# Test boot
With our adjusted EFI, config.plist and BIOS settings, it's time we try out our new setup. If you still have issues, well it looks like we'll need to do a deep dive and calculate our slide value
# Finding the Slide value
Now what you'll want to do is open the EFI shell in your boot manager of choice and run
memmap. This will give you a list of all pages and their sizes. This is where the fun begins.
Example of what you'll see:
Now you may be wondering how the hell we convert this to a slide value, well it's quite simple. What we're interested in is the largest available value within the
Start column. In this example we see that
000000006B626000 is our largest, do note that these are in HEX so if there are multiple values close to each other you may need to convert them to decimal. To the calculate slide value(macOS's built-in calculator has a programming function by pressing ⌘+3):
And to verify that this is correct:
0x100000 + (
Whenever the returned value is not the original(
0x6B626000), just add +1 to your final slide value. This is due to rounding. So for example
0x35A converted to decimal becomes
858 and then +1 will give you
But wait for just a second, this is higher than 256!
That is correct, this is caused by memory maps that include
Above4GDecoding sectors which cannot be used. So you will need to keep going down the list until you find a small enough value(for us that would be
And just to make it a bit clearer on the formula:
0x200000 = Slide Value in HEX
0x100000 + (Slide Value in HEX *
0x200000) = Your original HEX value(if not then add +1 to your slide value)
Now navigate into your config.plist and add your slide value with the rest of your boot arguments(for us it would be
slide=0 when using
0x100000). If this value still gives you errors then you may proceed to the second-largest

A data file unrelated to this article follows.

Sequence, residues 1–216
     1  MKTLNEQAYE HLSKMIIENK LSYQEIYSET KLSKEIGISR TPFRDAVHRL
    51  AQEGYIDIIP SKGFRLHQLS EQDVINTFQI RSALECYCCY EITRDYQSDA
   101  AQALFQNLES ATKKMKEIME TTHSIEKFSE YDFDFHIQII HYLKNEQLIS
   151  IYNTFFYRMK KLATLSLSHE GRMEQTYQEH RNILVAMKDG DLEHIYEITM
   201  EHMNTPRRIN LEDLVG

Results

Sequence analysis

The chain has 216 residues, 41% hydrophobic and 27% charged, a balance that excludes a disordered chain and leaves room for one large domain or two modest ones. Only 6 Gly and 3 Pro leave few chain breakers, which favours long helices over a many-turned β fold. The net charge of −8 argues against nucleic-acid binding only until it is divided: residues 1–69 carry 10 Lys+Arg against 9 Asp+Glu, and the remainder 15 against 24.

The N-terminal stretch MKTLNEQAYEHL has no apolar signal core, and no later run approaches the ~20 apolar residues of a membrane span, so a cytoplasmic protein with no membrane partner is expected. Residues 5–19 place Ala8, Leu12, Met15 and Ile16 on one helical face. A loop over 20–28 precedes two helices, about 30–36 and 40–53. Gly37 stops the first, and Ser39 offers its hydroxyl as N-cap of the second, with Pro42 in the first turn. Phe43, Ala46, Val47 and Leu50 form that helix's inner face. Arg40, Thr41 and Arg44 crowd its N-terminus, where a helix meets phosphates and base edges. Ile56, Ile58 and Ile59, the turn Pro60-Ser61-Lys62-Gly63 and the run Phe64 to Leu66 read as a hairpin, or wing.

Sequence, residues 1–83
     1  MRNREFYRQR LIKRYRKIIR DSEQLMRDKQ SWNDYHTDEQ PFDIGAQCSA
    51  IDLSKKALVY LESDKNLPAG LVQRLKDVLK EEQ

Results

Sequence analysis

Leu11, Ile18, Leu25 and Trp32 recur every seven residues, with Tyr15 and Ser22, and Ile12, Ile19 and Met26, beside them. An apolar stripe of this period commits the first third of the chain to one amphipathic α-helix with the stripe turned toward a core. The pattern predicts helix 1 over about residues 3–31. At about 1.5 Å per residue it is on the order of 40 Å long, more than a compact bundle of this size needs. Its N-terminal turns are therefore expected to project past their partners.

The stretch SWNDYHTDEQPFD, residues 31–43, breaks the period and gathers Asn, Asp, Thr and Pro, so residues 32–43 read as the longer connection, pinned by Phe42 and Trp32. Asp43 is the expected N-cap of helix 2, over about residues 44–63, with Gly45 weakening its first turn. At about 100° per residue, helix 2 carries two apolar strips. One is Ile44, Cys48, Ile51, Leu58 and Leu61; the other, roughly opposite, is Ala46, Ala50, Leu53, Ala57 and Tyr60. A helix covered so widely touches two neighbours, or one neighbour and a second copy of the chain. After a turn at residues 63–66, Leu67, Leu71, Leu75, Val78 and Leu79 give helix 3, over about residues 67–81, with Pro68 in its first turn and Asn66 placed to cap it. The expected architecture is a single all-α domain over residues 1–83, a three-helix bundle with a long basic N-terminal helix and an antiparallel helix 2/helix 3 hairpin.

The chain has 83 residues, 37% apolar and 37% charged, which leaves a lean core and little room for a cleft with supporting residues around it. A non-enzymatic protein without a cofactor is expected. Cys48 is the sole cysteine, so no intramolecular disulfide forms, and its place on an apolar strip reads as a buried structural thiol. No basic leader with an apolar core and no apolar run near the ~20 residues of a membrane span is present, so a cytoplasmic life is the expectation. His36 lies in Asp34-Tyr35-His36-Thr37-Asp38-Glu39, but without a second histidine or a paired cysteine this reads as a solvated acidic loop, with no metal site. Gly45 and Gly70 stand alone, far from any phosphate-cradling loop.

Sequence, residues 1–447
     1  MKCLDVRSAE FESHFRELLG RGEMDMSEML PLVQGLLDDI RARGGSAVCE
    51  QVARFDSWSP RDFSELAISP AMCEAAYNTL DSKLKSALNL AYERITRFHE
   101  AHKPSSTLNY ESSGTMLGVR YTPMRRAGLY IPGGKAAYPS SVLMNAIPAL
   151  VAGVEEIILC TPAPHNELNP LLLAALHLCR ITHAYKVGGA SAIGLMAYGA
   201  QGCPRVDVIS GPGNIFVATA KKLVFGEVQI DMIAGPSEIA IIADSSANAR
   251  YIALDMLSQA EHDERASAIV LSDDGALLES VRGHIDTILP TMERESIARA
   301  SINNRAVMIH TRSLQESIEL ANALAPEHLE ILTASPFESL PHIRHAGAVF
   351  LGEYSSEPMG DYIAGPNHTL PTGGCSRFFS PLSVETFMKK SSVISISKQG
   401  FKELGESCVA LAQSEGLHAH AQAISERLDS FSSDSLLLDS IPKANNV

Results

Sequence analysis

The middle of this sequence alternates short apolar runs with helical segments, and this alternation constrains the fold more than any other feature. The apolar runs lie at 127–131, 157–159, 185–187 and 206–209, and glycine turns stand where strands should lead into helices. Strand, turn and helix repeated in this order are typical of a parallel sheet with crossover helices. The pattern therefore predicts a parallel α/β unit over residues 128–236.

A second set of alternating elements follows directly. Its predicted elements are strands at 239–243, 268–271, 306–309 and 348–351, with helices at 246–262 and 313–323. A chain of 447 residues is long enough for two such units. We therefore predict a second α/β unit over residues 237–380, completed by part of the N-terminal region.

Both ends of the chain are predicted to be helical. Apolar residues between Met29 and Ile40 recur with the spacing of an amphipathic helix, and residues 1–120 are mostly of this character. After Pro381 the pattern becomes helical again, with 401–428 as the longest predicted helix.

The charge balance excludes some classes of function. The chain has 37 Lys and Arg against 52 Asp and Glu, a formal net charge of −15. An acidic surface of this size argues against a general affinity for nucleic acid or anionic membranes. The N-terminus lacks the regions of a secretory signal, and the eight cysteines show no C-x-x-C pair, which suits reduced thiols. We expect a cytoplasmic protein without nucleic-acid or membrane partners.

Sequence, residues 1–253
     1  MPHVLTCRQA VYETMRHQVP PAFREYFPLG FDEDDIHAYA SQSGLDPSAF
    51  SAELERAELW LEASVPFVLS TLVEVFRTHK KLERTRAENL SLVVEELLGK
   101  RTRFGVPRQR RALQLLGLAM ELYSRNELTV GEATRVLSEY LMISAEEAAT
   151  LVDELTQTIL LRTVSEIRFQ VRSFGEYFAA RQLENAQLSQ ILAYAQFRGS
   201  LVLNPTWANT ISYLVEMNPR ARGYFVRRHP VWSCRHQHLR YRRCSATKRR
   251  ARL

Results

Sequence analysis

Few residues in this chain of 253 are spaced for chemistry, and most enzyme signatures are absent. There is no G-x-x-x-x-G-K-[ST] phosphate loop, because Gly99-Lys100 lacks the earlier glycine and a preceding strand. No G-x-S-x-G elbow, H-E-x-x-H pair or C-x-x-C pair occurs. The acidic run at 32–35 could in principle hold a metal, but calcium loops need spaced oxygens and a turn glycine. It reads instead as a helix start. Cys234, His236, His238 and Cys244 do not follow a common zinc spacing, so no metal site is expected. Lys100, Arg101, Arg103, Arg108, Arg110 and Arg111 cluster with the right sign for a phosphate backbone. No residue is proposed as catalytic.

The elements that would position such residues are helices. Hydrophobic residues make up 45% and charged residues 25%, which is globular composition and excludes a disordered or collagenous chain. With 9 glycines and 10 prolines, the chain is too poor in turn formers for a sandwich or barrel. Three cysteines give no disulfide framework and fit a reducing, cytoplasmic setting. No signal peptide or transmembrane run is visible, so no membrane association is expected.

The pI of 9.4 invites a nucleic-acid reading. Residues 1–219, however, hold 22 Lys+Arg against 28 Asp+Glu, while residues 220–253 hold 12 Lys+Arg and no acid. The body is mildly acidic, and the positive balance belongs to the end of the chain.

Start value and so on.
Sometimes you may find that when you calculate slide that you receive super small vales like
slide=-0.379150390625, when this happens round this to
And for users who are having issues finding their slide value can also type
$slide [insert largest #Pages value] in the #Sandbox channel on the r/Hackintosh Discord (opens new window)
But this is soooooo hard
Well fret not, for there is a simple solution. After running
memmap in the shell, run:
shell> fs0: //replace with your USB fs0:\> dir //to verify this is the right directory, if not try fs1 and so on Directory of fs0:\ 01/01/01 3:30p EFI fs0:\> memmap > memmap.txt
This will add a
memmap.txt file to the root of your EFI, you can then proceed to drop it into the r/Hackintosh discord in the #Sandbox channel and type
$slide [insert a link to memmap.txt]
# Using DevirtualiseMmio
DevirtualiseMmio is quite an interesting quirk, specifically in that it gets around a huge hurdle with many PCI device systems like some Z390 boards and virtually all HEDT boards like X99 and X299. How it does this is it takes MMIO regions and removes runtime attributes allowing them to be used as space for the kernel to sit comfortably, pair this with
ProvideCustomSlide quirk means we can keep the security feature of slide while also getting a bootable machine.
For extremely problematic systems like Threadripper TRX40 19H, we need to find specific regions that aren't required for proper operation. This is where
MmioWhitelist comes into play. Note that whitelisting isn't required for most systems
If you run the debug version of OpenCore with DevirtualiseMmio, you'll notice this in your logs:
21:495 00:009 OCABC: MMIO devirt start 21:499 00:003 OCABC: MMIO devirt 0x60000000 (0x10000 pages, 0x8000000000000001) skip 0 21:503 00:003 OCABC: MMIO devirt 0xFE000000 (0x11 pages, 0x8000000000000001) skip 0 21:506 00:003 OCABC: MMIO devirt 0xFEC00000 (0x1 pages, 0x8000000000000001) skip 0 21:510 00:003 OCABC: MMIO devirt 0xFED00000 (0x1 pages, 0x8000000000000001) skip 0 21:513 00:003 OCABC: MMIO devirt 0xFEE00000 (0x1 pages, 0x800000000000100D) skip 0 21:516 00:003 OCABC: MMIO devirt 0xFF000000 (0x1000 pages, 0x800000000000100D) skip 0 21:520 00:003 OCABC: MMIO devirt end, saved 278608 KB
- Note: See OpenCore Debugging on how to enable logging to file
So we have 6 regions we need to go through and see which are bad, best idea is to block all MMIO sections except one and try each region to get a list of good regions.
Now lets take the above example and create our own MmioWhitelist, we'll need to first convert the address from hexadecimal to decimal:
- MMIO devirt 0x60000000 -> 1610612736
- MMIO devirt 0xFE000000 -> 4261412864
- MMIO devirt 0xFEC00000 -> 4273995776
- MMIO devirt 0xFED00000 -> 4275044352
- MMIO devirt 0xFEE00000 -> 4276092928
- MMIO devirt 0xFF000000 -> 4278190080
Should look something like this when done: